2. Set up virtual users and virtual domains:
# cat /etc/mail/vusers firstname.lastname@example.org joe @example.com joe email@example.com joe @example.net joe # cat /etc/mail/vdomains example.com example.net
3. Create SSL certificates as described in man 5 smtpd.conf:
# openssl genrsa -out /etc/ssl/private/mail.example.com.key 4096 # openssl req -new -x509 -key /etc/ssl/private/mail.example.com.key \ -out /etc/ssl/mail.example.com.crt -days 365 # chmod 600 /etc/ssl/mail.example.com.crt # chmod 600 /etc/ssl/private/mail.example.com.key
4. Create ~/Maildir for user ("joe" in this example).
5. Edit /etc/mail/smtpd.conf so it listens on egress with tls (for incoming mail) and egress port 587 (submission) with tls and authentication (for outgoing mail), accepts mail for virtual users and virtual domains, and delivers this mail to Maildir. Note that the smtpd.conf man page clearly says: "For each message processed by the daemon, the filter rules are evaluated in sequential order, from first to last. The first matching rule decides what action is taken." Therefore, the order of the rules in smtpd.conf is very important and will become more important as additional bits are added (e.g. for clamsmtp, spampd, and dkimproxy).
# cat /etc/mail/smtpd.conf pki mail.example.com certificate "/etc/ssl/mail.example.com.crt" pki mail.example.com key "/etc/ssl/private/mail.example.com.key" listen on lo0 listen on egress tls pki mail.example.com auth-optional listen on egress port submission tls-require pki mail.example.com auth table aliases db:/etc/mail/aliases.db table vusers file:/etc/mail/vusers table vdomains file:/etc/mail/vdomains accept for local alias <aliases> deliver to maildir accept from any for domain <vdomains> virtual <vusers> deliver to maildir accept from local for any relay
6. Edit pf.conf to allow connections on smtp port 25 and port 587, such as:
# cat /etc/pf.conf ... pass in on egress proto tcp to any port smtp pass in on egress proto tcp to any port submission ...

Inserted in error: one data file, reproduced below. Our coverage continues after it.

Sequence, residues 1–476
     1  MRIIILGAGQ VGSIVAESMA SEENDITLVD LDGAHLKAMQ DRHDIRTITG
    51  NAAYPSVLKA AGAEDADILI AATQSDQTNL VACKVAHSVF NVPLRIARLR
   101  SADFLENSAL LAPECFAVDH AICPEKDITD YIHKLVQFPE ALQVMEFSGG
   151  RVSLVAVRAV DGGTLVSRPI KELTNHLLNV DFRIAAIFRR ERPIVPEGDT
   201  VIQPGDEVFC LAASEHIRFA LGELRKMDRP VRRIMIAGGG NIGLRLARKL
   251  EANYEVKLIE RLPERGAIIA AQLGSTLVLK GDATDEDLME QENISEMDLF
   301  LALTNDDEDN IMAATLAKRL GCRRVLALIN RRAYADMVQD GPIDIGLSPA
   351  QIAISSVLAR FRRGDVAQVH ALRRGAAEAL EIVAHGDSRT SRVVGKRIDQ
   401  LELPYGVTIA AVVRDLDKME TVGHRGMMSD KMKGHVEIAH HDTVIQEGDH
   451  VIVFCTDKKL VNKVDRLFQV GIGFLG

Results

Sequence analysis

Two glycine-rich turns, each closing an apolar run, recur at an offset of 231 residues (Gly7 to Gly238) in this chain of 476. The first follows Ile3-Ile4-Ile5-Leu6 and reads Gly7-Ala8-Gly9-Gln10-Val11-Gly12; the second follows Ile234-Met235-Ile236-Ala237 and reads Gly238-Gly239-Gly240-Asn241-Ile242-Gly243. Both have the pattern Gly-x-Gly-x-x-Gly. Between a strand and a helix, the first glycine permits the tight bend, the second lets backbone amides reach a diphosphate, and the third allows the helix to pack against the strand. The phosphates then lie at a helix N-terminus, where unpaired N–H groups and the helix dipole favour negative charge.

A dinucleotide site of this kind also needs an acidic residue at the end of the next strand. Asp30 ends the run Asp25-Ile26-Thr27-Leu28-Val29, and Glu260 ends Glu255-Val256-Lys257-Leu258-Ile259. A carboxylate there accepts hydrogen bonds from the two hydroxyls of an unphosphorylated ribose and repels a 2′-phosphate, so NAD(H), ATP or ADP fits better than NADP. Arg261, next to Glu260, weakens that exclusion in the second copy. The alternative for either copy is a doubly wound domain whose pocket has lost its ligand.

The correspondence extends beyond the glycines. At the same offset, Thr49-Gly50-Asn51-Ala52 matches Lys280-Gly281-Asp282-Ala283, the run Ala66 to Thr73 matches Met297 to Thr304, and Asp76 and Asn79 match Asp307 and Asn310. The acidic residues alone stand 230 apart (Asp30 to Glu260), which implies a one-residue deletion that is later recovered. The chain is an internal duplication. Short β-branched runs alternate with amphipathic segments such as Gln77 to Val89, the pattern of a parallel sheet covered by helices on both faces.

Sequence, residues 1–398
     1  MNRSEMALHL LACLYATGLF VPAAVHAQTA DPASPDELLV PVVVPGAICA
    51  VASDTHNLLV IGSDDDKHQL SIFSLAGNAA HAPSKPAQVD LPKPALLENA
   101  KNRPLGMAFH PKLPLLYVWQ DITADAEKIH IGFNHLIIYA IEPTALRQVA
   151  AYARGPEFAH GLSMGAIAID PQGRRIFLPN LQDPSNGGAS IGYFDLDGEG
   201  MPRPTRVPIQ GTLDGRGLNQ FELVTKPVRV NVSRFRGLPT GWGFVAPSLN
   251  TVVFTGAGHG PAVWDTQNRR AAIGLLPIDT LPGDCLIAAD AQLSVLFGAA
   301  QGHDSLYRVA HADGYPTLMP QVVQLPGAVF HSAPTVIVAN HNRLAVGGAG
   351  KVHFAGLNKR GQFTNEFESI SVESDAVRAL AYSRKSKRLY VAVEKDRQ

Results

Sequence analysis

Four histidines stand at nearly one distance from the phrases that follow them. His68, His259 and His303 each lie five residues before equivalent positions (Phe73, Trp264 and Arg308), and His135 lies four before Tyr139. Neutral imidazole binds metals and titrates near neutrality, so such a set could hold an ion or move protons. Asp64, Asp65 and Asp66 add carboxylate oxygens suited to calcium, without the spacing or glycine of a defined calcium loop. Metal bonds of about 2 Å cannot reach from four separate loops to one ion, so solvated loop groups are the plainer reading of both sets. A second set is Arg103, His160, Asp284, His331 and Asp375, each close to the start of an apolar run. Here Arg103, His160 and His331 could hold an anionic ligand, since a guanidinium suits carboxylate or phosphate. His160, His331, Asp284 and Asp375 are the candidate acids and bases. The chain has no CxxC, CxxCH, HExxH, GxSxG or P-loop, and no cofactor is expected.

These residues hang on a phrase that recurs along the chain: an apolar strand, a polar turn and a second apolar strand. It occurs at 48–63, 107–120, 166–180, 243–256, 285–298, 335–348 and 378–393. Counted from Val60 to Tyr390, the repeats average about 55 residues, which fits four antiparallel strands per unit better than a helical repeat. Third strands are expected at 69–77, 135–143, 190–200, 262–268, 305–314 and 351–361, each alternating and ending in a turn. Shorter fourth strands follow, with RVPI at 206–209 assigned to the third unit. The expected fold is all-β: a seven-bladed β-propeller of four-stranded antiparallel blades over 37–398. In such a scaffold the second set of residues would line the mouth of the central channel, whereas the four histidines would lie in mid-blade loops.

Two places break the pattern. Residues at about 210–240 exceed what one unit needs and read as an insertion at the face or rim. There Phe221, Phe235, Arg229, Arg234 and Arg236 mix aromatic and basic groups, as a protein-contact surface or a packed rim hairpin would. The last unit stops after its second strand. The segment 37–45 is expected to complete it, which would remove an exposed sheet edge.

7. Reload pf and start /etc/rc.d/smtpd.
8. Test sending mail to/from the user's account. Since there is no imap client yet, might want to install mutt or something similar and point to the user's ~/Maildir to check incoming mail. The user should be able to connect to OpenSMTPD on port 587 from an outside client to send mail through OpenSMTPD to another party. Sending outbound mail from the command line should also work. Perhaps telnet into the server or run a couple of SMTP checks against the server like this one to verify things are working correctly. The session transcript should look something like this:
Connecting to 123.456.789.000 220 mail.example.com ESMTP OpenSMTPD [624 ms] EHLO MXTB-PWS3.mxtoolbox.com 250-mail.example.com Hello MXTB-PWS3.mxtoolbox.com [188.8.131.52], pleased to meet you 250-8BITMIME 250-ENHANCEDSTATUSCODES 250-SIZE 36700160 250-DSN 250-STARTTLS 250 HELP [640 ms] MAIL FROM: <firstname.lastname@example.org> 250 2.0.0: Ok [640 ms] RCPT TO: <email@example.com> 550 Invalid recipient [640 ms] MXTB-PWS3v2 3260ms
9. If that works, set up spamd. This is a very simple and standard setup and there are lots of resources out there on how to do this, but here is the shorthand: Add spamd_flags=”-v” to /etc/rc.conf.local. Edit /etc/mail/spamd.conf to add override/whitelist if desired (file /etc/mail/nospamd in sample pf rules). Add spamd pf rules from example /etc/pf.conf and comment out prior rule that passed smtp on egress (because now we want incoming mail to be redirected to spamd running on localhost port 8025):
# cat /etc/pf.conf ... #pass in on egress proto tcp to any port smtp pass in on egress proto tcp to any port submission # rules for spamd(8) table <spamd-white> persist table <nospamd> persist file "/etc/mail/nospamd" pass in on egress proto tcp from any to any port smtp \ rdr-to 127.0.0.1 port spamd pass in on egress proto tcp from <nospamd> to any port smtp pass in log on egress proto tcp from <spamd-white> to any port smtp pass out log on egress proto tcp to any port smtp ...
Reload pf and start /etc/rc.d/spamd. Check netstat to see if spamd is listening on port 8025:
# netstat -na -f inet
10. Send test emails again and check logs and 'spamdb' to see if email is getting greylisted. Once spamd is working, those third-party SMTP checks won't work because spamd is intercepting incoming mail. Same with telnet, if you can stand waiting for the stuttering. ;-) Anyway, now the session transcript should look something like this:
Connecting to 123.456.789.000 220 mail.example.com ESMTP spamd IP-based SPAM blocker; Sat Jan 31 11:33:21 2015 [11716 ms] EHLO MXTB-PWS3.mxtoolbox.com 250 Hello, spam sender. Pleased to be wasting your time. [640 ms] MAIL FROM: <firstname.lastname@example.org> 250 You are about to try to deliver spam. Your time will be spent, for nothing. [640 ms] RCPT TO: <email@example.com> 250 This is hurting you more than it is hurting me. [640 ms] MXTB-PWS3v2 14602ms
Haha. Love spamd.
11. So here is what's happening:
pf -> relay to spamd -> send to opensmtpd on lo0 -> deliver to maildir
opensmtpd on lo0 -> relay out